Not since the 1960s has the New Zealand public shown widespread concern for the protection of our media assets. Ironically, that concern – and the passage of the News Media Ownership Act to stop Lord Thompson buying the Dominion – allowed the back-door entry of Rupert Murdoch. Its later repeal allowed him to be joined by American telcos, Canadian empire builders, Irish adventurers, German heiresses, and Australian asset managers.
There was some bleating from the provinces when regional titles were absorbed by metro newspaper owners in the 70s and 80s but to no good effect. We saw no outpouring of public opposition when TV3 was sold overseas to CanWest. The public welcomed former rugby poster boy Tony O’Reilly when he ‘rescued’ New Zealand Herald publisher Wilson & Horton from the clutches of Brierley Investments. The arrival of Bell South was seen as a technological plus for Sky TV. Bauer’s purchase of the majority of the country’s consumer periodicals went almost unnoticed and, after all, weren’t these Germans experts in magazine publishing? And when international players decided to call it a day, offshore asset managers were ready to step in to hoover up shares under the radar.
A decade ago, I wrote a book called Word War (on the demise of newspaper cooperation in the New Zealand Press Association) in which I used the Herfindahl-Hirschman Index, an international yardstick on company mergers. It showed that by 2005 New Zealand media ownership was highly concentrated (in fact it was 2.4 times higher than the HHI ‘highly concentrated’ threshold) and since then it got worse. The fact that we are one of the most concentrated and foreign-owned media markets in the world does not seem to matter to the general public. Never mind, it gave me the title for a later book – Complacent Nation.
Public complacency means media-related issues do not rank highly among politicians. To put it bluntly, there are no votes in it. As a result, for example, we have seen a cartload of reviews and recommendations on media convergence and regulation ignored by government.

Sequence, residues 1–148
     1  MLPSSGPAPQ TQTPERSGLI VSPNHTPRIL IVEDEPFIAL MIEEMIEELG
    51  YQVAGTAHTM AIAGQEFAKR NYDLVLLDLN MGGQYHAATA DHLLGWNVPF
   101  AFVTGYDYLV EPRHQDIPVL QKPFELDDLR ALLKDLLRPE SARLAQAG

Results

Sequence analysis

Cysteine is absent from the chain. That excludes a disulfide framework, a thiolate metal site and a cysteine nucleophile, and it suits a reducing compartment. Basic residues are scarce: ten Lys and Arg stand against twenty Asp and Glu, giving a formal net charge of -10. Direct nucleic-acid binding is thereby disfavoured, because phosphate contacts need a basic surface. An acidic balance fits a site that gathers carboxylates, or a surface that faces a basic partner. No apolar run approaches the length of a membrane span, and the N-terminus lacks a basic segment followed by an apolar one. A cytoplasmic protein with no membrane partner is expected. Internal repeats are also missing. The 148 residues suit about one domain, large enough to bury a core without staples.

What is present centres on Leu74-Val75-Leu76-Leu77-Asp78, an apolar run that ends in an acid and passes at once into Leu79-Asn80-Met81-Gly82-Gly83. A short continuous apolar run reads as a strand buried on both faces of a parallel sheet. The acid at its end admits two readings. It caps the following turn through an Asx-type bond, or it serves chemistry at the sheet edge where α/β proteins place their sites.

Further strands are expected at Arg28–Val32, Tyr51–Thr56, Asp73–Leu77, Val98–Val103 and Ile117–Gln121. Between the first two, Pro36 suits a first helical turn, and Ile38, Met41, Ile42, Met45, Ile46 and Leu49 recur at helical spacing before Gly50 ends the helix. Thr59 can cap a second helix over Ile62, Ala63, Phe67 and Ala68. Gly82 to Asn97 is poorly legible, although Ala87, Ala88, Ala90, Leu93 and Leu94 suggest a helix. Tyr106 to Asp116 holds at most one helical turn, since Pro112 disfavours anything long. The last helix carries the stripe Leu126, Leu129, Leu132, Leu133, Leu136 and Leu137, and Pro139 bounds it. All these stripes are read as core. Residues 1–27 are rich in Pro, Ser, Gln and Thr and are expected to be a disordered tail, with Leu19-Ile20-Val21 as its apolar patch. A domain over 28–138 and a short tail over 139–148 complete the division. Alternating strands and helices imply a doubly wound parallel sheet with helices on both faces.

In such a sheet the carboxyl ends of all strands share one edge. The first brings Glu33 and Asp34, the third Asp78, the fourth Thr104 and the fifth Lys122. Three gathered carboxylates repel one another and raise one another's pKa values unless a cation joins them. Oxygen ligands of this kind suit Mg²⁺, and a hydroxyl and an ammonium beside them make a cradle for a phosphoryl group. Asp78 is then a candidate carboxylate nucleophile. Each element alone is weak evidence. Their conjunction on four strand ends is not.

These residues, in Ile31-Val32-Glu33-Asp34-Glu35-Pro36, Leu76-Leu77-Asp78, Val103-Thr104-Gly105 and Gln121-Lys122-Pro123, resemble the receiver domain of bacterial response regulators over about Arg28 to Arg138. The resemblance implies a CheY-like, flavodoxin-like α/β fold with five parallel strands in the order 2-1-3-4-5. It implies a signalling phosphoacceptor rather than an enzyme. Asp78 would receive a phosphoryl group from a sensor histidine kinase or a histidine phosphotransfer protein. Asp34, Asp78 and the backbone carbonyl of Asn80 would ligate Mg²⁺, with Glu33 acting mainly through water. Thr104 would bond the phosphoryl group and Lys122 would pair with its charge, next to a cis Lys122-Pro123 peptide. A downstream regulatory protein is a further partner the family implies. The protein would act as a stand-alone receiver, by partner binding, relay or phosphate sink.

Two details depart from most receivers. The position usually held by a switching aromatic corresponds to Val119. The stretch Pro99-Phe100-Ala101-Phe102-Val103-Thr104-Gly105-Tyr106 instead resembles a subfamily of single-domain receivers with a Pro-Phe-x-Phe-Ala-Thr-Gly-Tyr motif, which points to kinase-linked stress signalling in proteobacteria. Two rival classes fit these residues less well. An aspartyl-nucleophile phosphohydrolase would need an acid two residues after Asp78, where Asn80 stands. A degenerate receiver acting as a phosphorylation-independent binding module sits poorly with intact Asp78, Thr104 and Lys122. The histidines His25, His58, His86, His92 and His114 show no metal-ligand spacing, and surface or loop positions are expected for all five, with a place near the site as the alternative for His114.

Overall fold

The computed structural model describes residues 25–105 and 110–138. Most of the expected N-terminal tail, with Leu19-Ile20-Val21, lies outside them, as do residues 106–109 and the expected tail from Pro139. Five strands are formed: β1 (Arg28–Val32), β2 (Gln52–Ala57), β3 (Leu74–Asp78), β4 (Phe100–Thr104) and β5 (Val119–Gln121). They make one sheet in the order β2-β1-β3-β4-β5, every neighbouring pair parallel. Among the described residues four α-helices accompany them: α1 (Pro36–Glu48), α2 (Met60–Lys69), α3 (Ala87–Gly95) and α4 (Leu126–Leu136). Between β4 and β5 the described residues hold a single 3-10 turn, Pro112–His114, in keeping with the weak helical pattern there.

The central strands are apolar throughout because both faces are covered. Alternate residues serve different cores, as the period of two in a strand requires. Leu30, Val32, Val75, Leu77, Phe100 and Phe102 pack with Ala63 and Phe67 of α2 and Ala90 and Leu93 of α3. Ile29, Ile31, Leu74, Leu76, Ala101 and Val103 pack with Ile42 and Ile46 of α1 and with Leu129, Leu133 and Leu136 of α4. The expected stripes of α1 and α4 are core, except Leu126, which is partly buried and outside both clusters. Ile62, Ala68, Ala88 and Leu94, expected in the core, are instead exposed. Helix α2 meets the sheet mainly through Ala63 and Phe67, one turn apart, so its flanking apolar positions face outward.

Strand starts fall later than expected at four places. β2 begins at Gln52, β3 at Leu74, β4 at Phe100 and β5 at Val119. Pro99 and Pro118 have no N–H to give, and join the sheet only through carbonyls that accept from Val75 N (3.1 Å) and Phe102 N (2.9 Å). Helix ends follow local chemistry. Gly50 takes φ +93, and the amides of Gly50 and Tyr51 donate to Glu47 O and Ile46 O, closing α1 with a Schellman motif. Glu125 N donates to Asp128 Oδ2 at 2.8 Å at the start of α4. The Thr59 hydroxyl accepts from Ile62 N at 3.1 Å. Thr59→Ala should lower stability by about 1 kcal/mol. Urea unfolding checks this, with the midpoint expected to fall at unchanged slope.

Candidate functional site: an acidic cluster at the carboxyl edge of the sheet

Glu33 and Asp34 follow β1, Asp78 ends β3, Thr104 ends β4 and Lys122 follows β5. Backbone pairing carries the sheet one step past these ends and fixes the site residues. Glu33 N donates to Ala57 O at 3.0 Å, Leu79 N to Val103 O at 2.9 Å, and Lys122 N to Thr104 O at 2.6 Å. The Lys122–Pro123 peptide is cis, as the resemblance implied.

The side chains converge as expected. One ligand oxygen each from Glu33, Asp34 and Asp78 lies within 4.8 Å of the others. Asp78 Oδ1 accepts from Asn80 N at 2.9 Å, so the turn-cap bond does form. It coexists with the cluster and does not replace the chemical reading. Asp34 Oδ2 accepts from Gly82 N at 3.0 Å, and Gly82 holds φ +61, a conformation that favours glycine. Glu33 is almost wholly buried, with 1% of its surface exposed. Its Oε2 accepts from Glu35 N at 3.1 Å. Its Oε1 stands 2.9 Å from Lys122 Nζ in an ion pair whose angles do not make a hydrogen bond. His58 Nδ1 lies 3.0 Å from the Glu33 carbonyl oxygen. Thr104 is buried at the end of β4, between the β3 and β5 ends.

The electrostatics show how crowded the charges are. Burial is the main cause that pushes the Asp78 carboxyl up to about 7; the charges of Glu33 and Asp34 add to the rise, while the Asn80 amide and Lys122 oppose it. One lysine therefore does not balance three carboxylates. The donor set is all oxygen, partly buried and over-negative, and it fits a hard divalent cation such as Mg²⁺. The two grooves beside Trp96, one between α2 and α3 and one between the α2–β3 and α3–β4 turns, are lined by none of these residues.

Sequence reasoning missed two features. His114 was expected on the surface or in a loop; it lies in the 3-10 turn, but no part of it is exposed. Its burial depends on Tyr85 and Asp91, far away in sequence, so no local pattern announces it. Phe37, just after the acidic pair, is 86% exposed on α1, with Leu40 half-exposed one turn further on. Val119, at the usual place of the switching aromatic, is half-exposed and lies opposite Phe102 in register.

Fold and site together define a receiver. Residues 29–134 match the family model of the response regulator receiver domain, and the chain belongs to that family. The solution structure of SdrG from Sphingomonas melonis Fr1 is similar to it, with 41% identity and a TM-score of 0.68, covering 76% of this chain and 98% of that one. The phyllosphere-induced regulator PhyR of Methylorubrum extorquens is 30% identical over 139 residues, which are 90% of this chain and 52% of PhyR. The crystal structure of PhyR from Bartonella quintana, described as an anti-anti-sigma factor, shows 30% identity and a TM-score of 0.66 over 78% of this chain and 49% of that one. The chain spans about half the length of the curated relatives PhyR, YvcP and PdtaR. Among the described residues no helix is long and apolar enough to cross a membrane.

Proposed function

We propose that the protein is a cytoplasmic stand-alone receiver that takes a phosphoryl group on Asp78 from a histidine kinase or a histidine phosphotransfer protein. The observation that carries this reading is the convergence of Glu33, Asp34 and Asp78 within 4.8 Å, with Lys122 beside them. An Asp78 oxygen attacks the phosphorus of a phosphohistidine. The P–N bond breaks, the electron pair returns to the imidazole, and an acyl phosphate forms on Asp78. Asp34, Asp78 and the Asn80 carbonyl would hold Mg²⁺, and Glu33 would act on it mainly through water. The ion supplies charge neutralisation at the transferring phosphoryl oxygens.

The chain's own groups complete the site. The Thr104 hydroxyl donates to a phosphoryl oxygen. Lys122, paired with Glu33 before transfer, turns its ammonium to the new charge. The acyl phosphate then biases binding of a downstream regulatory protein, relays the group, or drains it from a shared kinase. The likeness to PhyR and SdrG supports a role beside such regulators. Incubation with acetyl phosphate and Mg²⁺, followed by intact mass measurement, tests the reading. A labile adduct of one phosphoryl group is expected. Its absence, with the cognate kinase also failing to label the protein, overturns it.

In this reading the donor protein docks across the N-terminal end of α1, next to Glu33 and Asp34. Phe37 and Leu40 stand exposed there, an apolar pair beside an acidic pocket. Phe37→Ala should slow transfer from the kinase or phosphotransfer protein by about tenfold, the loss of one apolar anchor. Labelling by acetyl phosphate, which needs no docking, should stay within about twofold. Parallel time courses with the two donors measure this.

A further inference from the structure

But why should the media take public attitudes lying down? They see themselves as having the power to sway public opinion and the challenges they face at the start of a new decade mean they have to start swaying.
Individually, groups have made some effort to promote their journalism – witness Stuff’s becausejournalism campaign, the New Zealand Herald’s aspirational television commercials, and the television networks’ on-screen and billboard promotion of their key news staff.
Unfortunately, it not enough.
There is a useful analogy I used to use with my university classes. I referred to throw-weight or the weight of the payload a missile can carry. There is no point building a warhead if you don’t have the thrust to carry it the full distance.
That, I’m afraid, is the fate of such campaigns. Individually, their missiles are only large enough to carry low-impact warheads.
If the voices of journalists, industry leaders, and public-spirited pressure groups are to be heard loud enough to make the public – and, hence, politicians – pay attention, they must shout in unison.
It is time to set aside whatever differences or competitive instincts they have and start a joint rocket project – a missile and warhead powerful enough to ignite public opinion on the need to preserve professional journalism and its delivery systems. They must enlist the general public to push government for ‘environmental’ changes that will help to sustain them. And, of course, they must encourage the public to value their work.
Complacent Nation ended by recalling Kris Kristofferson’s lyrics in the song Me and Bobby McGee. Remember the lines?
Freedom’s just another word for nothin’ left to lose
And nothin’ ain’t worth nothin’ but its free
He was referring to the bittersweet feeling after his lover has left him, admitting he would trade anything to have her back.
Media do not need to persuade the public to fall in love with them. However, they do need to mount a compelling argument that, like Bobby McGee, journalists are the people who keep you from the cold and who you’ll miss when you let them slip away.
A bouquet: To racing journalist Michael Guerin for regularly putting a human face on the racing industry and expertly describing the drama of turf action.
A brickbat: To Facebook for once again following the dollars by refusing to fact-check political advertising.